Aviation bearing the brunt of carbon taxes

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The aviation sector is facing difficult times ahead as certain countries, including South Africa, push to implement carbon taxes on aircraft.

From January 2012, airlines flying to or from Europe will have to buy permits from the EU’s Emissions Trading Scheme (ETS) for 15% of the carbon emissions they produce during the entire flight. They join 11,000 factories and power plants already in the scheme.

The South African government is planning on introducing a carbon tax from 2012, amounting to R75 per tonne on carbon dioxide emissions. The proposed tax was first announced in December last year and in March the treasury said it was working on plans to take the tax forward.

The carbon tax has met with some opposition. According to Giovanni Bisignani, former CEO and Director General of the International Air Traffic Association (IATA), “South Africa is a particularly carbon-intensive destination and relies extensively on long-haul flights from key international tourism markets. Putting a tax on aviation would put in jeopardy the very substantial benefits delivered to SA’s society and economy which far outweigh any additional tax revenues.”
“Aviation has been the sacrificial lamb…. It has become a target because it is seen as nonessential,” said international tourism and economic development consultant Anita Mendriatta at the 2011 Gauteng Tourism summit in Johannesburg on Friday.
“But it’s not just the passengers, it’s cargo too and aviation taxes are one of the biggest challenges to the tourism industry. They may cut tourist visits to (a long-haul destination like) SA,” Mendriatta said.
“The airline industry is currently struggling with the impact of cost increases brought about by tariff increases…increased ATNS [air traffic and navigation services] charges as well as escalating fuel costs. The volatile state of the industry means that further cost increases are likely to be absorbed by many of the airlines themselves,” said Chris Zweigenthal, Chief Executive of the Airlines Association of Southern Africa. He added that proposed cost increases “need to be reviewed urgently to ensure the sustainability of the airline industry in South Africa.”

Treasury spokeswoman Kershia Singh told Business Day on Friday the department was evaluating comments received on its discussion paper on SA’s proposed carbon tax, and would publish a draft policy paper in November.

There are concerns that the proposed carbon tax will hurt the tourism industry, from which South Africa generates billions of rands. South Africa aims to increase tourism’s contribution to the economy from R189 billion in 2009 to R499 billion by 2020, creating 225 000 new jobs in the process, Business Day reports.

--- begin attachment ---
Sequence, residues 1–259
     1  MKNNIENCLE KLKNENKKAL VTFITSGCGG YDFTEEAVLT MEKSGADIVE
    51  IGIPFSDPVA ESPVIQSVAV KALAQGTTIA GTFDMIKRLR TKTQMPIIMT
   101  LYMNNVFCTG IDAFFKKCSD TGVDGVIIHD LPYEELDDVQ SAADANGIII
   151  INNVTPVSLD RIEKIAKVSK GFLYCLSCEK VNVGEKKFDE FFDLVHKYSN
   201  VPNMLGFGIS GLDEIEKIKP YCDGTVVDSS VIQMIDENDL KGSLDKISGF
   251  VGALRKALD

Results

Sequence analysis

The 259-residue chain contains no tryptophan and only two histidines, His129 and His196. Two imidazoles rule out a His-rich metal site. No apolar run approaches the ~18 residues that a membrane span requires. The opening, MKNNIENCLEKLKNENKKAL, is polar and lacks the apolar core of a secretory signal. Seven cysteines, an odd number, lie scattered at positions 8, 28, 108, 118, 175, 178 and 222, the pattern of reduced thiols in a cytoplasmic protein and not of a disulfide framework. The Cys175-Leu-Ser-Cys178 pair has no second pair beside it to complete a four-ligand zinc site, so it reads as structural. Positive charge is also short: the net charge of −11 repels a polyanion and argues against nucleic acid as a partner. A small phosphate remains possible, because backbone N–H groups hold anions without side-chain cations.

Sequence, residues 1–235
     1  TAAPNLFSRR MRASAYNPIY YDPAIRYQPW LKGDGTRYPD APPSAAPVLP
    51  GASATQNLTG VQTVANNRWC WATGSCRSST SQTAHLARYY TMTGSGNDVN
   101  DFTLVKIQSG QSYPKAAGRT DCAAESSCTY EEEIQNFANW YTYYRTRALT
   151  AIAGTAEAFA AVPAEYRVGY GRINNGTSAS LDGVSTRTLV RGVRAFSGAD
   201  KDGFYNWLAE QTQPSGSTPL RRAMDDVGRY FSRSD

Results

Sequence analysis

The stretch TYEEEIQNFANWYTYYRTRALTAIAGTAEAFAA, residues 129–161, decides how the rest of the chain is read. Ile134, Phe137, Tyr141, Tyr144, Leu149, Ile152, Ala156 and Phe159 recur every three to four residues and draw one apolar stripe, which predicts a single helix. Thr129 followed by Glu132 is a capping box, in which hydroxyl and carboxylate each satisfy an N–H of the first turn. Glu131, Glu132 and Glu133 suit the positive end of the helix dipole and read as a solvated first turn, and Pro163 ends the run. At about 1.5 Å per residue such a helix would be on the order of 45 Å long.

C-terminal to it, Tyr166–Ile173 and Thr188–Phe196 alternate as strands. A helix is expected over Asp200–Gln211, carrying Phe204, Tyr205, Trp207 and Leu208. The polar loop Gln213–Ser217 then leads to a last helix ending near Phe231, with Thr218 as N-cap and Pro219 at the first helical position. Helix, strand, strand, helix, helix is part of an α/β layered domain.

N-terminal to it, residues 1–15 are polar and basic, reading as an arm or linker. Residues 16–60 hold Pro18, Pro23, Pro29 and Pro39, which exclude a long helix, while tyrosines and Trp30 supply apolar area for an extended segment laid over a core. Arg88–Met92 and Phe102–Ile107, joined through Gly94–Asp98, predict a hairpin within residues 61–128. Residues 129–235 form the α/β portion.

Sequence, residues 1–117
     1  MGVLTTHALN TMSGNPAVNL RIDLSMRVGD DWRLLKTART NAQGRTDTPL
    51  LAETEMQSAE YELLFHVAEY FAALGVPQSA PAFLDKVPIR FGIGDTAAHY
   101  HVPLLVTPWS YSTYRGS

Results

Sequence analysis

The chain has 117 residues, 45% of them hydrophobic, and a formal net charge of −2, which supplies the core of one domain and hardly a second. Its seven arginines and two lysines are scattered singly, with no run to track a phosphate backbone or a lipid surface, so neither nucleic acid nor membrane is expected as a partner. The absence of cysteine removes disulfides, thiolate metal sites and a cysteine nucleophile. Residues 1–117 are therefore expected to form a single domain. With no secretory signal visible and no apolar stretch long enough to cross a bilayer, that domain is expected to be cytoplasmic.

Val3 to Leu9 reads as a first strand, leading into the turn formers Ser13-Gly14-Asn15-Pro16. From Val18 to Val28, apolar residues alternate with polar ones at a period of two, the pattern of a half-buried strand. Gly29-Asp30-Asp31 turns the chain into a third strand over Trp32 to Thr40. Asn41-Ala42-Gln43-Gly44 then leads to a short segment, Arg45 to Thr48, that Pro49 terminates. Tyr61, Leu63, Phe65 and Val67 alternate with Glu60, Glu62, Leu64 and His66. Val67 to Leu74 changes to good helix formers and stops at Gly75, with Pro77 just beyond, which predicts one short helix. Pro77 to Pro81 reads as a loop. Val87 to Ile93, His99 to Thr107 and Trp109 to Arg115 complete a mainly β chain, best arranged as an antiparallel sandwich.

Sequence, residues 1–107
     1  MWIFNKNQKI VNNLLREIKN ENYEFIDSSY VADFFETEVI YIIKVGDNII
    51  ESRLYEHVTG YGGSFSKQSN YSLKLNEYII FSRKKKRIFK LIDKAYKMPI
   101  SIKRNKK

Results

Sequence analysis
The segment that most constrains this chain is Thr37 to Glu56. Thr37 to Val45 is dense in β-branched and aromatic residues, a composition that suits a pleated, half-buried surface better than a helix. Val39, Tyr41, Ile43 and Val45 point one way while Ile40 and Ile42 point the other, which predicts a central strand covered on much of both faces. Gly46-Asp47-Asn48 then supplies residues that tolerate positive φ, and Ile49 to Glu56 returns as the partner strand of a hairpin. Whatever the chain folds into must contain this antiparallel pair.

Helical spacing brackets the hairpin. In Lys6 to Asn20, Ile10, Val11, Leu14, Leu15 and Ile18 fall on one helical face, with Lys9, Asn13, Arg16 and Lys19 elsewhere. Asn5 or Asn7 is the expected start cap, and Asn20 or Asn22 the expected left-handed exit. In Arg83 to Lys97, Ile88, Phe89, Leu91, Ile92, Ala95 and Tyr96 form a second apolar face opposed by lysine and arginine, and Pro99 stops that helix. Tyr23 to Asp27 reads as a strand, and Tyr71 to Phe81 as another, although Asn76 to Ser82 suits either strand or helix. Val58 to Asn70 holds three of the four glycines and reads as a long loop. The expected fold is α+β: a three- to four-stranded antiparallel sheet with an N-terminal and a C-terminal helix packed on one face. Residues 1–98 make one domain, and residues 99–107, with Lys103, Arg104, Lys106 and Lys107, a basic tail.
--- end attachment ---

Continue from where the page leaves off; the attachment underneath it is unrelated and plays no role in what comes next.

Doing this would entail increasing the number of foreign tourist arrivals from 7 million in 2009 to 15 million by 2020. However, the proposed carbon tax could dent these numbers as flights become more expensive. There is also concern that the carbon tax will not go

In a May visit to South Africa, Bisignani spoke out against the proposed airline carbon tax. “We’re against those types of taxes,” he said. He added they were “allowed but not the best way to attract tourists”. He stepped down as IATA chief earlier this monh.

The IATA chief noted that global aviation was to blame for 2% of global carbon emissions, versus 18% for motor vehicles and 38% for electricity generation. Bisignani averred that although airlines were just a small contributor to global warming, it has for some time been working to reduce its footprint through the promotion of biofuel and improving efficiencies, including working with governments to shorten air routes. IATA has also long proposed the integration of European airspace, with the EU setting 1995 as implementation date. But the idea, which would have a direct impact on the environment, has remained just talk.

The EU aims to lead the world in fighting climate change, and says it needs to put a price on carbon dioxide emissions to guard against future climate impacts such as crop failures, droughts or flooding.

However, Europe’s scheme, and those from other nations, have generated an enormous amount of criticism. China in particular was heavily critical of the scheme while the Air Transport Association of America (ATA) said the EU’s climate regulations breached US sovereignty, and that they comprised an illegal charge under the main international treaty on air travel, the Chicago Convention.
“The EU does not have competence to regulate third country airlines in third country airspace,” Derrick Wyatt, a lawyer for ATA, told the European Court of Justice in Luxembourg. “It is astonishing that a US airline must acquire an EU license to cover emissions at a US airport.”

On a typical San Francisco to London flight, just under 9% of emissions occur in the EU, compared to 25% over the Atlantic, 37% over Canada and 29% over the United States, he added.



Airlines say their emissions should only be tackled in U.N. bodies, such as the International Civil Aviation Organization (ICAO), which have clear rules to prevent countries imposing illegal charges on each others’ airlines.
“Instead of flying planeloads of lawyers to Europe, the aviation industry should face up to its future and get on with the job of cutting emissions,” said Bill Hemmings of green transport campaigners T&E.